If I thoroughly understand something I won’t need to revise it as much because it clicks in place and makes more sense in your brain and you remember it better!
So by getting the most out of your lecture, the less revision you have to do in the lead up to your exam.
Flashcards, flashcards, flashcards!
I cannot tell you how amazing flashcards are.
They were literally my best friend, they got me all through my A-Levels and my degree. Flashcards saved me quite frankly!
I’ve actually got some here that I want to show you. So these are all my flashcards for anatomy and physiology… this is how many I made, I don’t even know how many there are - I think it’s a whole pack if I remember rightly!
What flashcards force you to do is condense down something into a smaller amount of information to fit on a flashcard.
These are great for outlining how things have happened or definitions - that’s what my first card is here, it says ‘define cell and organelle’ and then on the back I’ve got the definitions.
I’ve got ‘body compartments’ then on the back I’ve put the different compartments…
So this might look like a lot but how I revise them is not all in one go. I wouldn’t sit and read through all of these flashcards in one go.
I don’t know if you can see but up in the corner here I’ve got a small number, and basically how my APG model was broken up was into different sections and different modules, there were eleven different modules so I’ve written the numbers for each module on the flashcards, so what I would do is revise one module at a time.
For example, if I was revising module 3 that day I would go through my module 3 flashcards and then go through my notes or flip through the textbook on that module.
I wouldn’t revise all the modules in one go because that way you don’t take anything in.
If you’re not a fan of handwriting flashcards you can make them online.
I used these ones for my biopsychosocial exam.
So yeah, if you’re not a fan of writing then these are really handy because you can type it into the website and then the website puts it into the format. Then you just print them out, fold them in half and stick them together, and you end up with one of these double sided flashcards.
If you are using flashcards i would recommend to make them the way I did, which is to make them as you go along.
For example, if I covered the heart in a lecture, that evening or the next day I would make a flashcard about it. If you wait until the month before your exam, it’s going to take you ages to make all your flashcards in one go.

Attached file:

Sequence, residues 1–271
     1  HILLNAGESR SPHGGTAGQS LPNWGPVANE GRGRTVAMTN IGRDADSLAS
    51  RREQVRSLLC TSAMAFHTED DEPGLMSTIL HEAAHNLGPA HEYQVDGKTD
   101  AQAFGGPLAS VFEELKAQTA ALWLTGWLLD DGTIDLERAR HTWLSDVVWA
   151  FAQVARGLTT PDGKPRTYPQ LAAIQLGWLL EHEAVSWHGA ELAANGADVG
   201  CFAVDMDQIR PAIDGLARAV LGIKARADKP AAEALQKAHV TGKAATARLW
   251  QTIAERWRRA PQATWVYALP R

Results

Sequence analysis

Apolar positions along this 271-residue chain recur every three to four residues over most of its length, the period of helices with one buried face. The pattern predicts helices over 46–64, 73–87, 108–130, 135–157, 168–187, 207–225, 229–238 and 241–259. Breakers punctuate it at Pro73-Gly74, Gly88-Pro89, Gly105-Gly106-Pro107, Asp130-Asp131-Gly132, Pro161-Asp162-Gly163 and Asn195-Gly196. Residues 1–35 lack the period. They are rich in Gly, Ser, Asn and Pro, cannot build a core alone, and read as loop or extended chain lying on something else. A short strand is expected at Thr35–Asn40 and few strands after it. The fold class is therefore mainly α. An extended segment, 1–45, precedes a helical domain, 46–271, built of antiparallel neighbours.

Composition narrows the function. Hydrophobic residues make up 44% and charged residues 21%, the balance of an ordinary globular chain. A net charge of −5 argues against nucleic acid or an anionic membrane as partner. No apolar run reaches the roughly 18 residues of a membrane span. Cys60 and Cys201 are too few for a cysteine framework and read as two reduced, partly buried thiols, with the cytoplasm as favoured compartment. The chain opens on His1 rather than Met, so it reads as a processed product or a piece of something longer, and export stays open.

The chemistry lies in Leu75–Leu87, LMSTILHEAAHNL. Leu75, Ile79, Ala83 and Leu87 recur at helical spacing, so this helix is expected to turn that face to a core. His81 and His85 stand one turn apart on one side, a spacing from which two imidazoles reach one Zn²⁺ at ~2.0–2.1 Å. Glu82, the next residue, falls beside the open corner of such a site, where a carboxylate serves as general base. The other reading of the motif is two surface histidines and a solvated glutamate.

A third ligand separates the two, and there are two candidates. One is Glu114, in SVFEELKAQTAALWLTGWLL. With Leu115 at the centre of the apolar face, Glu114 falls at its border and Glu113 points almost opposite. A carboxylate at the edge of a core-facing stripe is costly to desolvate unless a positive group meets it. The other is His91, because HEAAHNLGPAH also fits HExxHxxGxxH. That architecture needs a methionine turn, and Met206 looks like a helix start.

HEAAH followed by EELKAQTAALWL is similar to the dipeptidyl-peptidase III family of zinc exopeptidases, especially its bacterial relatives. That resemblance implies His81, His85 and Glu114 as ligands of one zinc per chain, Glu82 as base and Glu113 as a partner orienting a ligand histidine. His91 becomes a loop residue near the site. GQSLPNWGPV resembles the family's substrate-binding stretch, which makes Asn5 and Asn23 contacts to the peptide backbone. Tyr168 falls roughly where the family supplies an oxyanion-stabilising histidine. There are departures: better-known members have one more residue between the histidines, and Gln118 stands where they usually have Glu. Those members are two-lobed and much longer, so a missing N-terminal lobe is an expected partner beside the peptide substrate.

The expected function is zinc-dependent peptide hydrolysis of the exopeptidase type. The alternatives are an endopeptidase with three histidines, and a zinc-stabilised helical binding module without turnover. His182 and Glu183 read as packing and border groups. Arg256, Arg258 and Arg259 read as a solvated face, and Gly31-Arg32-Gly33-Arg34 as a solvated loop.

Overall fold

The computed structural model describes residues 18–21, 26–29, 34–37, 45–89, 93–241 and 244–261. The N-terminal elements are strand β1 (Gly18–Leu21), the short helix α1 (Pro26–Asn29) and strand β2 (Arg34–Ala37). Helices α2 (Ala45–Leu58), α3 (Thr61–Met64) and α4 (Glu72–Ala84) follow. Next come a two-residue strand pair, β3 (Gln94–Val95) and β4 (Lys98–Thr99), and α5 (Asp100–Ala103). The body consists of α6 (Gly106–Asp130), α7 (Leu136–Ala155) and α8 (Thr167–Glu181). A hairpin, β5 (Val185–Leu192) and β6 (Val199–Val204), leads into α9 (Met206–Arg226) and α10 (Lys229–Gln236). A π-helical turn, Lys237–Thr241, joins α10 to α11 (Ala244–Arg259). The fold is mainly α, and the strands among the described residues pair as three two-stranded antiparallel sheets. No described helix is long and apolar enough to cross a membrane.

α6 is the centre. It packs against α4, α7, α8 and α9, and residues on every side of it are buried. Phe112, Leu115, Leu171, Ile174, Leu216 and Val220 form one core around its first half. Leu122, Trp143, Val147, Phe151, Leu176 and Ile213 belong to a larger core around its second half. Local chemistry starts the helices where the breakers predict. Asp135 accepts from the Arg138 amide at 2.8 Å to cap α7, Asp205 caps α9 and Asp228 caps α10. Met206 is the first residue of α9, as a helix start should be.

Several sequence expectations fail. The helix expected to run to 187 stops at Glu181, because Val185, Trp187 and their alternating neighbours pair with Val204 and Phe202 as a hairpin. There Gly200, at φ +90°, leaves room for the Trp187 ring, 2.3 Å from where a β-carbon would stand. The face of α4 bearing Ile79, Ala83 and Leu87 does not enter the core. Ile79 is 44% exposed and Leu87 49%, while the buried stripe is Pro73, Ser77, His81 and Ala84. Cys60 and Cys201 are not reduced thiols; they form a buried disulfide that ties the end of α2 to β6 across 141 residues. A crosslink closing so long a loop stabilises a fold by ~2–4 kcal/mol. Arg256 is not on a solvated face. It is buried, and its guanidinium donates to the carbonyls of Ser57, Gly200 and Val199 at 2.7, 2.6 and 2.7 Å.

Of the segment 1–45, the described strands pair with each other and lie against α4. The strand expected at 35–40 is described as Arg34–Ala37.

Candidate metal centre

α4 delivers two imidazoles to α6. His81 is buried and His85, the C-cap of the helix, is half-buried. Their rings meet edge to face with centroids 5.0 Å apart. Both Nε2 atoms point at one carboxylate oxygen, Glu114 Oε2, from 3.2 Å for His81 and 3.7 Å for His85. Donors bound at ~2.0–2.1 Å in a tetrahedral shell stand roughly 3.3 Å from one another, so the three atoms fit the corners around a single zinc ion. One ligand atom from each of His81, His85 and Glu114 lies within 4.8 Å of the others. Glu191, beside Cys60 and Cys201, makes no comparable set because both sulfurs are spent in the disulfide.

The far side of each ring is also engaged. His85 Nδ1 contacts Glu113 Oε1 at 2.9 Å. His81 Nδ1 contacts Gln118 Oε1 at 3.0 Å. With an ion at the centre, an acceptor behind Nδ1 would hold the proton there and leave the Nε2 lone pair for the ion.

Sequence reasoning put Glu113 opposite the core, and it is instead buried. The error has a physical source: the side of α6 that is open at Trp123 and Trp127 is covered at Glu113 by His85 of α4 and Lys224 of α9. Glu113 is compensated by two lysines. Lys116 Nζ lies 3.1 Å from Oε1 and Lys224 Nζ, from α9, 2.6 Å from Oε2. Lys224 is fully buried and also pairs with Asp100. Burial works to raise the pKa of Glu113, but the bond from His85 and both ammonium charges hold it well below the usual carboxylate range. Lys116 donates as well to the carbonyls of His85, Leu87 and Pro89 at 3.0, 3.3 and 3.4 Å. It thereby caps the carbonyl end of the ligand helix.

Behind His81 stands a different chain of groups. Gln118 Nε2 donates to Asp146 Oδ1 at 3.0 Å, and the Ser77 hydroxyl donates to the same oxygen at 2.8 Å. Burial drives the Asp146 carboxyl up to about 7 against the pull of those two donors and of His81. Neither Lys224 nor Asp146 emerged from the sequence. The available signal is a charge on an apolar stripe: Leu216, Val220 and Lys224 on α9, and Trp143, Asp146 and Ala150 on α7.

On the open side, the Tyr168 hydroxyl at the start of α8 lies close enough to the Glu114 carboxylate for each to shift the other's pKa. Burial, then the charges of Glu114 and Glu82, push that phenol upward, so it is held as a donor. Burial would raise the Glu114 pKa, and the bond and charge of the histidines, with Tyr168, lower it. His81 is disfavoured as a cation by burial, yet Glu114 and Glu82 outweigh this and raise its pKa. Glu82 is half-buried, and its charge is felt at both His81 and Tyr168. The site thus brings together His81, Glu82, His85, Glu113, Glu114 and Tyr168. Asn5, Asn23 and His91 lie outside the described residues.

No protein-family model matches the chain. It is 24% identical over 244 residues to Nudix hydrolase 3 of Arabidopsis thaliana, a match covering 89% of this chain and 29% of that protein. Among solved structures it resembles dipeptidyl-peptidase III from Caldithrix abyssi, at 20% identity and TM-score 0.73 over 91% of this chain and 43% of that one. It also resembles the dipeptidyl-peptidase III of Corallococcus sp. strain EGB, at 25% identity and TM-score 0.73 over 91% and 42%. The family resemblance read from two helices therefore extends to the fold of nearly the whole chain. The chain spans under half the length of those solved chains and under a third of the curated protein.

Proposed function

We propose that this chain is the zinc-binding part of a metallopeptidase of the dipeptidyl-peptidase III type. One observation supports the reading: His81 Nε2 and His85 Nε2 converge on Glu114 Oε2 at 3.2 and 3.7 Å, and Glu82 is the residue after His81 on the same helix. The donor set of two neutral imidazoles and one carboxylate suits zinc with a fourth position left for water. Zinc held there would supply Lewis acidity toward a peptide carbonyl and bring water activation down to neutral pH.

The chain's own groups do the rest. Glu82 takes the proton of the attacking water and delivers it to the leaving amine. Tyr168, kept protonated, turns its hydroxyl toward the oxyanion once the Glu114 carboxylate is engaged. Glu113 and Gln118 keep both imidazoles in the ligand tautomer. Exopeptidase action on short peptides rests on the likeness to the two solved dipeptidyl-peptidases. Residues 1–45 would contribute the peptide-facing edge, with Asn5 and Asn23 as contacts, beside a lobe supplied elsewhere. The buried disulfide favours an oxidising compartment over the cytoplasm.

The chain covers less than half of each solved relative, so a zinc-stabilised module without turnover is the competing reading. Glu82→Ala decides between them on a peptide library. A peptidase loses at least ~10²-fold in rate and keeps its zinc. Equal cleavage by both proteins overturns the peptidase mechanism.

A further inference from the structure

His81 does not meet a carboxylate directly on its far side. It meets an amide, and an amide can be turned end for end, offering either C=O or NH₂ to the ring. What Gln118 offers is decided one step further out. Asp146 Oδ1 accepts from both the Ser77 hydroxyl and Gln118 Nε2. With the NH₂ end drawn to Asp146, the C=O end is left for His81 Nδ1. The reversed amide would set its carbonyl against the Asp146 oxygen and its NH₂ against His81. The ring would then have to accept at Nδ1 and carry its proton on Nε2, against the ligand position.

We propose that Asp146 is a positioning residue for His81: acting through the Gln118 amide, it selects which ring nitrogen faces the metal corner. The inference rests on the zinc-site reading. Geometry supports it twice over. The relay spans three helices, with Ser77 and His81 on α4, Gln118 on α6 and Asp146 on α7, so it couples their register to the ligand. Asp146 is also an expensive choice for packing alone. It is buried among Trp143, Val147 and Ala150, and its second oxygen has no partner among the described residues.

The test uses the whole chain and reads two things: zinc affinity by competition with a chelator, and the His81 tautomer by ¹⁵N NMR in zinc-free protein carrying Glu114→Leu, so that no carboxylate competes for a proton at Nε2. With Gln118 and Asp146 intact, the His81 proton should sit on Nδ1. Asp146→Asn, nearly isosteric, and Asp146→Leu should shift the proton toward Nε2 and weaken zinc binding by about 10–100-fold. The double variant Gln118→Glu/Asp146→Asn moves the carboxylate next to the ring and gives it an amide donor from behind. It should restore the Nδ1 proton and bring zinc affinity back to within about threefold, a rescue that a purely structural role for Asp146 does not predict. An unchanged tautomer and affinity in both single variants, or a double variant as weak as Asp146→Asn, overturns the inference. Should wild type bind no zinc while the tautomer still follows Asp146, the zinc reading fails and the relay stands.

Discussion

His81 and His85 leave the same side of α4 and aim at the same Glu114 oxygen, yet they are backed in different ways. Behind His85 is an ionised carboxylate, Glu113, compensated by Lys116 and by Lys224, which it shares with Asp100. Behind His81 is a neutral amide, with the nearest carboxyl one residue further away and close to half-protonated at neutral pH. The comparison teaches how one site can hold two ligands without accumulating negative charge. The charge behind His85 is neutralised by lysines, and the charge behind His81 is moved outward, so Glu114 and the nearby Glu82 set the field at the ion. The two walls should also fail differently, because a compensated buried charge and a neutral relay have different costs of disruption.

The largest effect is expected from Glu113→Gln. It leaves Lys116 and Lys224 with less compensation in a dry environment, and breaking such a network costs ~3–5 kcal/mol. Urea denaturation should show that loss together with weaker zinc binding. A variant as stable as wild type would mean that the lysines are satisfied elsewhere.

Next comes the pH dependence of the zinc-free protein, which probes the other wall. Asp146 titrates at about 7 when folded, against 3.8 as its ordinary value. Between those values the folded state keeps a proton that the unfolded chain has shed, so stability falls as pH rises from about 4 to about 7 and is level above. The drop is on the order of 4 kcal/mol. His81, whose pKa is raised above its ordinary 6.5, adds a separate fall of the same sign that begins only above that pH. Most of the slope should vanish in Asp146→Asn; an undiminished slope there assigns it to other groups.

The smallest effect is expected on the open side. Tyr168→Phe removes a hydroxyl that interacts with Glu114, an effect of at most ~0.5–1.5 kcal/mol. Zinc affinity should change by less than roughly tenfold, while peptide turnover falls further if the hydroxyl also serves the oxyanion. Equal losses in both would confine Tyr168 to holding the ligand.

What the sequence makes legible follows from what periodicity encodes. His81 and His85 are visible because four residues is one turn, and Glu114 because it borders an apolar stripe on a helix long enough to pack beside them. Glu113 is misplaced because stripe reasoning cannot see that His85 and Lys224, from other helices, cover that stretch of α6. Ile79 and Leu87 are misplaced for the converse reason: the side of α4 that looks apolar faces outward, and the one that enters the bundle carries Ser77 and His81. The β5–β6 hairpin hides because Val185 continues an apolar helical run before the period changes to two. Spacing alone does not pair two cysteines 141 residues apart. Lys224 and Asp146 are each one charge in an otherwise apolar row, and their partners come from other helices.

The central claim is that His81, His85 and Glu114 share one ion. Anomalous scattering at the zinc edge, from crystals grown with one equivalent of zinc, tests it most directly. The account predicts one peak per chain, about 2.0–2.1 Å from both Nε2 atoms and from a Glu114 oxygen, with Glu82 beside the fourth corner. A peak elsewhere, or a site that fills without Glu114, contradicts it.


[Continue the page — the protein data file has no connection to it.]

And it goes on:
How I like to revise with flashcards is i would carry them everywhere with me: when I was sat on the bus, when I was waiting for lectures to start, when I was on my break at work sometimes.
I would just take any opportunity I could to flip through my flashcards and make the most of every 5 or 10 minutes that I had spare to read them through and really cement them into my brain.
And as I said, flashcards are great because they force you to condense information down, and if you’re able to condense information down then it shows you really understand it.
Rather than having a 2 page spread on the heart, if you can condense that down into 1 or 2 flashcards that shows you’ve got a really good understanding of it.
So there’s some of the stuff that you can do in preparation months before the exam, here’s what you can do in the lead up to the exam.
Create a revision timetable
How i like to do this is I like to print out a blank calendar page - if you type in something like ‘November 2018 blank calendar page’ into Google images then loads will come up.
I would print one out and I would use that to write all over to create my revision plan. It’s also quite handy as you can stick it up on the wall or on your notice board so you can always see it and know what you’re supposed to be doing.
Now the key to this is do not give yourself too much to do because the reality is you’re not going to do it. It’s important to cross out a few days completely, whether that’s because you’ve got plans or because you don’t want to spend any time revising that day, you do need some days off.
Some people would like to divide their time up, for example ‘9am-10am revise this’ but I like to do it as morning, afternoon and evening.
Sometimes I’d cross out the morning on one day, I might cross out an evening on one day because I’ve got plans, but I’d try to do at least two revision sessions a day if I had the day off, or if I was working I’d try and do one revision session.